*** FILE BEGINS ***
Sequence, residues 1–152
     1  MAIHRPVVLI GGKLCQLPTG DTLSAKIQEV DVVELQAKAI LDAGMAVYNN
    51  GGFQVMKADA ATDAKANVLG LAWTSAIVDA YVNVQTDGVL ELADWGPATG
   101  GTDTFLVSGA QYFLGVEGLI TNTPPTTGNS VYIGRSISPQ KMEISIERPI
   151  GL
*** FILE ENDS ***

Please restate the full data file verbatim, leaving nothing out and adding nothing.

Sequence, residues 1–152
     1  MAIHRPVVLI GGKLCQLPTG DTLSAKIQEV DVVELQAKAI LDAGMAVYNN
    51  GGFQVMKADA ATDAKANVLG LAWTSAIVDA YVNVQTDGVL ELADWGPATG
   101  GTDTFLVSGA QYFLGVEGLI TNTPPTTGNS VYIGRSISPQ KMEISIERPI
   151  GL